I also recall that I was two blocks shy of our nearest Pizza Hut’s delivery range. I was living at my college’s dormitory, located in downtown Chicago, and didn’t have a car. I wanted these cards bad enough that I even offered to meet the Pizza Hut delivery driver at the corner of their delivery boundary, but NOOOOO, they’d only deliver to a street address, and not to the corner of Congress and Dearborn.
Fast forward to 2016, and I finally tracked down all of these Blackhawks Legends cards. They weren’t particularly expensive, and a nice collector even gave me the last card that I needed — Bobby Hull — for free. But in all of my years of collecting, I don’t see these pop up too often online or at shows. That said, here is a review 17 years in the making.
Editor’s Note: Rob Joncas is a new Puck Junk contributor. Please welcome him with a comment below.
The 1992-93 NHL season stands as one of the greatest in history for several reasons:
- The Stanley Cup celebrated its 100th Birthday
- Wayne Gretzky made his last appearance in a Stanley Cup Final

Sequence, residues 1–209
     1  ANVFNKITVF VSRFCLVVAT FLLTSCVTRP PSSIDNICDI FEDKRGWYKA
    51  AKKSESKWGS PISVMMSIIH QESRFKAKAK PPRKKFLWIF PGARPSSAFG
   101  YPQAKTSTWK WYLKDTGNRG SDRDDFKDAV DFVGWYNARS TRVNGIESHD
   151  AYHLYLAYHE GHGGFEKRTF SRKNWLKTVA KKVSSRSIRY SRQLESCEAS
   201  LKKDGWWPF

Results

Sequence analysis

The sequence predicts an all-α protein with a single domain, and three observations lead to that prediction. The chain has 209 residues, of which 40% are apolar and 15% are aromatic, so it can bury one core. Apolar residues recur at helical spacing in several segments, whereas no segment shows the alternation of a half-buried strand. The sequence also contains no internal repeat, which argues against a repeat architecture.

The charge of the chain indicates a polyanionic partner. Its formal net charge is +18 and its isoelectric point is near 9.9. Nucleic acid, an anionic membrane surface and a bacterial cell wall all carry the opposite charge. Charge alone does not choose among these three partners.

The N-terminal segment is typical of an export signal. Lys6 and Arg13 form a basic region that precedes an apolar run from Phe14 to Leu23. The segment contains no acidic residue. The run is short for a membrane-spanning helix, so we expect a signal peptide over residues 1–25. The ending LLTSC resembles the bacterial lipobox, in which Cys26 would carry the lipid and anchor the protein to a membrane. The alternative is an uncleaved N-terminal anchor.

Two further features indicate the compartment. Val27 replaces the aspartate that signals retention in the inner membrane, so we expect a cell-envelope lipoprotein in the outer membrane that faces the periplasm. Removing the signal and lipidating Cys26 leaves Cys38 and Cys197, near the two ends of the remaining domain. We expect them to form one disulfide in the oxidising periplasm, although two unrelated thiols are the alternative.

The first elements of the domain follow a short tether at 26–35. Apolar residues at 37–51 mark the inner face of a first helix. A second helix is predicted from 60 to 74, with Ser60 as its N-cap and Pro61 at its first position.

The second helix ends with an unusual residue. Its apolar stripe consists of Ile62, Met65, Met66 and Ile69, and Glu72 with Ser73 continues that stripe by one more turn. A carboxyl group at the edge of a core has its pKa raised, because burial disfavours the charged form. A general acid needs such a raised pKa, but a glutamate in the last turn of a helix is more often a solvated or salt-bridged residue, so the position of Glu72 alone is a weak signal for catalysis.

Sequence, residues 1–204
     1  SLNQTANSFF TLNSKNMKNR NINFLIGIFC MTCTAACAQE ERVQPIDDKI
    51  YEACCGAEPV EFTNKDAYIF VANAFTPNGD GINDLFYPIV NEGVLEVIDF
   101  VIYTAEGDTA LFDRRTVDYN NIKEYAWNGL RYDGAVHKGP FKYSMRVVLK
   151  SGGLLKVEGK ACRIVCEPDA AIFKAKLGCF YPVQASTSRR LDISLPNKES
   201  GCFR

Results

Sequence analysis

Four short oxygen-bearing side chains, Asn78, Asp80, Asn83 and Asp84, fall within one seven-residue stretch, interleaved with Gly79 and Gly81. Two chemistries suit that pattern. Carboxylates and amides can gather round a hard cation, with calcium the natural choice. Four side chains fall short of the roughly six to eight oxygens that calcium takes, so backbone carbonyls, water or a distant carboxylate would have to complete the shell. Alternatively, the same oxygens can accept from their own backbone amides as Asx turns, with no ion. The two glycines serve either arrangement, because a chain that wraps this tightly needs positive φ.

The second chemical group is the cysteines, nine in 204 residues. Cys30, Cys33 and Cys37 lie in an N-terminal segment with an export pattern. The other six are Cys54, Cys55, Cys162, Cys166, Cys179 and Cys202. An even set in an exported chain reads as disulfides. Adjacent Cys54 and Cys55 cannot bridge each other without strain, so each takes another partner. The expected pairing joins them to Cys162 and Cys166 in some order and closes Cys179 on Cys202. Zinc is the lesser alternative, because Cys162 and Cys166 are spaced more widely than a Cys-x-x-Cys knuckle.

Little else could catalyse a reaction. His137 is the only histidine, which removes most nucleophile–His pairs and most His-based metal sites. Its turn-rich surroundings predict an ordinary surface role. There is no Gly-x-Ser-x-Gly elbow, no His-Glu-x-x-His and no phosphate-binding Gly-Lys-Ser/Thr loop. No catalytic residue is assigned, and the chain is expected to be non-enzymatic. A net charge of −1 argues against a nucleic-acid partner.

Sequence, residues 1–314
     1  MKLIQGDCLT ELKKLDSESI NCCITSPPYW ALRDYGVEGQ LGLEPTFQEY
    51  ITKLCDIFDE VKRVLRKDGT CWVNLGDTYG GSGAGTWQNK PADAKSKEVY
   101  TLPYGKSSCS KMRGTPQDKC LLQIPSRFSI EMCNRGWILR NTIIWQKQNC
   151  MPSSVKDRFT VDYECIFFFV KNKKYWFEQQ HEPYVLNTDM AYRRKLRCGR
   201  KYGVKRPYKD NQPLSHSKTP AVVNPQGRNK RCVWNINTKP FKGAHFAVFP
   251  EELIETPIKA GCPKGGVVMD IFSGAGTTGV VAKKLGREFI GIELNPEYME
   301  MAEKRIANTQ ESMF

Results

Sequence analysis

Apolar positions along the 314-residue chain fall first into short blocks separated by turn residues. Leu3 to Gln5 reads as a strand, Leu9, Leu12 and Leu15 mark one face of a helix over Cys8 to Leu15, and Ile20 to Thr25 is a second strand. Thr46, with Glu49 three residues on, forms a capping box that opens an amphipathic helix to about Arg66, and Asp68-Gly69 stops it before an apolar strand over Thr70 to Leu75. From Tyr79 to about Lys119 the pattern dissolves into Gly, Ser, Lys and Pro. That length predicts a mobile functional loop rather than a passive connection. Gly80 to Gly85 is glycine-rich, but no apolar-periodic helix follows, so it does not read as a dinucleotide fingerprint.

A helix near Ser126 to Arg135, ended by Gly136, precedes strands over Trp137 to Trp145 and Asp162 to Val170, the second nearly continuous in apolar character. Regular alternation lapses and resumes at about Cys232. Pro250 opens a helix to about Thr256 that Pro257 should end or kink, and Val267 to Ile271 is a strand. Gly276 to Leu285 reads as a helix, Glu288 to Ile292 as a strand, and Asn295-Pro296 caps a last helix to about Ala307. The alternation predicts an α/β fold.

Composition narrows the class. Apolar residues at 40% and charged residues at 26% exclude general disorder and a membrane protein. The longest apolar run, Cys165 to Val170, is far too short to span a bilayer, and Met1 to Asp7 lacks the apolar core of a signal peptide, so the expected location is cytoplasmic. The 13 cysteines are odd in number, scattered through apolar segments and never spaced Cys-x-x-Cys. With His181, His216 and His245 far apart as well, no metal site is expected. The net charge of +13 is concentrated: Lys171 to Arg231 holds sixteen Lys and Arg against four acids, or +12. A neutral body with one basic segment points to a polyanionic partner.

- Mario Lemieux battled cancer and put on a scoring clinic, claiming an Art Ross Trophy that Pat Lafontaine had all but secured.
- Teemu Selanne terrorized goaltenders around the league scoring, 76 goals and adding 56 assists for 132 points.
Today we are taking a look at the 1992-93 Kraft NHL Set, which came with a special album. To some it was a perfect marriage Kraft products and hockey cards.
During the 1990s, Pittsburgh-area grocery chain FoodLand sponsored an annual set of Penguins trading cards. Children in and around the Pittsburgh area could get a card for free by from an on-duty police officer, who probably stored the cards in their back pockets, forever keeping them from a BGS 10 rating.
But I digress. The 1993-94 Penguins set looks good and has cards of many star players who went onto Hall of Fame careers.
Back in the 1990s, I was so jealous of Canadian people. Not because of Canada’s universal health care system — I was too young to appreciate that sort of thing then — but because all of the ways Canadians could get hockey cards. In the U.S., if a box of cereal or a frozen pizza had a trading card enclosed, it was usually a baseball or basketball card.
But in The Great White North, hockey cards could be found packed in boxes of cereal, at local McDonald’s restaurants and even with fish sticks! The 1993-94 Greatest Goalies set was found, one card per box, in specially-marked packages of High Liner brand frozen fish products. It is a 15-card set that goalie enthusiasts should not overlook.